I'm just, you know what I'm saying? Yeah, but the country said yes, but and so in that position, I would retire. Well, oh, that was one thing I kind of wanted to know is she decided to put her resources into the future to helping the problems that she faced. And I thought that was so awesome. And that did remind me of Stacey Abrams in Georgia, who did the same thing because she ran for governor, lost.


And then people were like, are you going to run for President Reagan, run for president? She is like, no, I'm going to put all my efforts into registering voters. Yeah, and voter suppression. And she did that. She registered over eight hundred thousand voters and like in Georgia, was decided by what, six thousand voters went crazy.


Yeah. It's so it is so admirable to see someone be like, I'm going to use this for good.


I'm going to pivot, I'm going to do something else. This is what Tristan said as well. Like he's in Google hoping to move it three degrees or two degrees. And at some point he goes, you know what? I actually might be more effective on the outside track changes.


And he has been it also just shows their commitment to the country like it's not that they want to be president. Right? Right. They want to be the person. It's that they really do want to help and progress. So that's where they're best suited to do so. Anyway, I love women, but women today. I love women. Yeah, that's fine. It's fun. You love women.


Oh, God. So, so much more than men.


I would never pick to be around all men. Well, you I do pick to be around.


What I like to do is spend like eighty percent of my time with women and then twenty percent with just men. Yeah. So I can get it all out of my system. Sure. Talk about boobs and butt but some buttonholing boobs and butts and bubbles with me.


That's right.


OK, so you mentioned Malcolm Gladwell, the token I have said this before about I'm happy to keep saying that's not what it's called. The episode is called The Hug Heard around the world. The hug heard around the world.


Oh, my God. How about that dinner?


Hilary Malcolm, Dr. Eric Topol and Charlie Adam Grant and Charlie with his shirt off and you and I.


Oh, wow. Dingle Dingle's spray spray spray.


Oh, let me think who else I'd want there. I know I don't want it to feel left out, but there's only it's in a train car in there. However, I just listed off Bell of course. Got a bell there.


Well although I to bring a plus one. OK, I actually don't think Bill would be a good dinner guests, because he's so smart that I think everyone would go like, well, we should all just shut up and he should just talk out loud for an hour.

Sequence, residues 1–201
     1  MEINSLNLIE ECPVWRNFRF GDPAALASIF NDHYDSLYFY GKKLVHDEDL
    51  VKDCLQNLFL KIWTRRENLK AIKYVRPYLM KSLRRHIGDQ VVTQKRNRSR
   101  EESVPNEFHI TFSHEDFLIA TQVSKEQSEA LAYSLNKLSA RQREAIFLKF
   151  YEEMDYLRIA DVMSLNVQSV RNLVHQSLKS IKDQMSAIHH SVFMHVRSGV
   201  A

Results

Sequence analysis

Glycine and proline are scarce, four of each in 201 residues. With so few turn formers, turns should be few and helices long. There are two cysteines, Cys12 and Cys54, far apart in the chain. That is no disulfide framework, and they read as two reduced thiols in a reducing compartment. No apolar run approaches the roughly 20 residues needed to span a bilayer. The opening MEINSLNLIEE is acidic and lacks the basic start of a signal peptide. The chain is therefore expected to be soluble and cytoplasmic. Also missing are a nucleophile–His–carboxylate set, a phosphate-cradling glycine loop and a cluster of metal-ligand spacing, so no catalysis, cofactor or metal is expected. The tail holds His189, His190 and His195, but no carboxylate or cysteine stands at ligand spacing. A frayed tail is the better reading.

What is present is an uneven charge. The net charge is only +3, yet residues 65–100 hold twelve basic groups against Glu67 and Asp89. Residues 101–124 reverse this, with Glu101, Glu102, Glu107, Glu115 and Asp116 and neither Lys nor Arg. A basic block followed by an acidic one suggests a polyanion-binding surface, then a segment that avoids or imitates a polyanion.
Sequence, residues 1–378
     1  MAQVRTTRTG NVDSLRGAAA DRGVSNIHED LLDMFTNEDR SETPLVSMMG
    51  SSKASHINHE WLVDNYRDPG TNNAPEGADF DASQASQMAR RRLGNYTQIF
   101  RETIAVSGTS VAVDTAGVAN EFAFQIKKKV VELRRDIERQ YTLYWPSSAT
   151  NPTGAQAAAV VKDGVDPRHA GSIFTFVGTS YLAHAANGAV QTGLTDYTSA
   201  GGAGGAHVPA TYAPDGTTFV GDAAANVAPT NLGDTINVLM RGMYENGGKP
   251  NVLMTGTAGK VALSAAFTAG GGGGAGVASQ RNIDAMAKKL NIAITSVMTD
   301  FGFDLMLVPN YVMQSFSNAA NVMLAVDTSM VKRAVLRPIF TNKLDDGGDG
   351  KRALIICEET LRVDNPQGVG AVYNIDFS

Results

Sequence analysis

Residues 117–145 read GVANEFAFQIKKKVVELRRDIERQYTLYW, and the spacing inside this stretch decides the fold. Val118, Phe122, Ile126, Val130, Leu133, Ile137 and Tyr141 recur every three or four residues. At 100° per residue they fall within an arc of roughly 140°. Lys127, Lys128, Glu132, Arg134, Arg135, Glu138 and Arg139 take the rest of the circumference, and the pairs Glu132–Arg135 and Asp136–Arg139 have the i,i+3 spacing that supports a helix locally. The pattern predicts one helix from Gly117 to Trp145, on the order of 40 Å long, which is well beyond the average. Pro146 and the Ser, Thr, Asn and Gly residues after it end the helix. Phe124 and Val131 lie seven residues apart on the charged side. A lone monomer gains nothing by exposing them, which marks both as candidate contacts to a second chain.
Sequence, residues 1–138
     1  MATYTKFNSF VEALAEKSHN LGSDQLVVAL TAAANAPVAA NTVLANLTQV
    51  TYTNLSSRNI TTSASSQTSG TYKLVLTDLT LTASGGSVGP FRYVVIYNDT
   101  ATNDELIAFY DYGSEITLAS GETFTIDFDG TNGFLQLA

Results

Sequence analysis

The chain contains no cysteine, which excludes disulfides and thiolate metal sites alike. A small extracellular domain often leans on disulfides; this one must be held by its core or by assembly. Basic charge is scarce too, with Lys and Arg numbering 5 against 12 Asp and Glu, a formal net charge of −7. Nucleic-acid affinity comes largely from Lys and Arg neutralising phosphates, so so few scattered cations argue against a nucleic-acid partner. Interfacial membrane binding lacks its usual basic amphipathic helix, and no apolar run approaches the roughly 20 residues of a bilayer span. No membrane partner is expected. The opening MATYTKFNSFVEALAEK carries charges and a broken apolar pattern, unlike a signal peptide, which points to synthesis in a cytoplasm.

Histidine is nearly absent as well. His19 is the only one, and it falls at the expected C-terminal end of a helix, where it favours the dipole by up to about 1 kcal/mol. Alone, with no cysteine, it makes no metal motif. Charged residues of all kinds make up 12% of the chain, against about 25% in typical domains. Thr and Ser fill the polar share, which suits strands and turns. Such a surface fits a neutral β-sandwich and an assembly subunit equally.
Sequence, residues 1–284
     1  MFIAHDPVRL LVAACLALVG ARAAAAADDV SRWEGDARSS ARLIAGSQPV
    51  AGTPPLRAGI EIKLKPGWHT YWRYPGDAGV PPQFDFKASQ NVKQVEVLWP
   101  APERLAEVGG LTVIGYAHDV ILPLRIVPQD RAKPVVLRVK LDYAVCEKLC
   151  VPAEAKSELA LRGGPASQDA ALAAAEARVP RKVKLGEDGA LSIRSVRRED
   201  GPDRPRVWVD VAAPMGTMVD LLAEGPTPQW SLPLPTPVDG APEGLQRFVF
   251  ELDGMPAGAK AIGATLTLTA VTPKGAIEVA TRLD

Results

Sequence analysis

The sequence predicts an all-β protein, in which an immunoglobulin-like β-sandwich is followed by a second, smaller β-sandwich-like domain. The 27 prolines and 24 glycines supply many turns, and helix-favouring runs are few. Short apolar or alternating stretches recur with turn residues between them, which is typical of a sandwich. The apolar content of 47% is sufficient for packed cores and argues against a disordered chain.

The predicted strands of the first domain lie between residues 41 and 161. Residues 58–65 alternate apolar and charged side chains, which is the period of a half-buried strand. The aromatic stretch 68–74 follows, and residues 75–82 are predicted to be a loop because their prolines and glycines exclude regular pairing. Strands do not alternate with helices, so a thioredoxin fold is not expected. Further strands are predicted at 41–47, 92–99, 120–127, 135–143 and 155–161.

Yes, I met Bill Clinton.


I was like, no, no, no, no, no. Bill Gates.


He actually might not be a great dinner guest because I think I would feel stupid taking up any of the minutes that he could be educating us all.


Interesting. You know what I'm saying? You agree a little bit. I do. I see I see where you're coming from.


But like, no one should talk with him if he's there. Well, he's a mansplaining. All of us know. He likes to. He likes to vote. Yeah. Yeah. Well, he likes to talk about movies. He'd want to know our spy games.


He loves it. It's so clever. All right.


I think that's all for Hillary. OK, boy, do we like her, man.


I really wanted to keep talking to her. Oh, and you know what?


She kind of invited us to give tips and I'm going to watch her podcast.


No, like just in general how to reach the public.


Oh, she did. Yes. Well, that's what I heard. Oh, that's great. I got to listen, see if I can find that place. And she said, you're going to come back.


I know. I hope Republicans could listen to it. Do you hope so? I hope so.


If they can't, then we have a problem like I get. Well, would you listen to Tucker Carlson on a we can't make that the same.


That's what I'm saying.


Like one person, you have to you have to you have to be generous and make a steel man think you have to pick the person like the person that we hate the most. You have to be you have to match it.


So they hated her. Unfortunately, it breaks my heart. I don't like it, but I got to steel me on this.


Although I got to say, if Stern had Tucker Carlson, I'd listen in one second and I can't stand that guy. I know what to say. Okay, well, what if I'd lost all of our momentum? We had great momentum.


We were like, yes, and she was great. Love you.


And then I ruined it. I was about to land the plane and then I pulled up on the yoke. As hard as I was, I thought I saw a bird on the runway.


I don't know how to land a plane. Oh, remember, I've landed some two hundred and sixty planes.


What? I know how to land the plane.


No, I mean, you don't know how to land a plane.


Well, first of all, you think you do know how to land a plane and I know how to land this plane. This plane is different than a plane. This doctor knows how to land this plane by.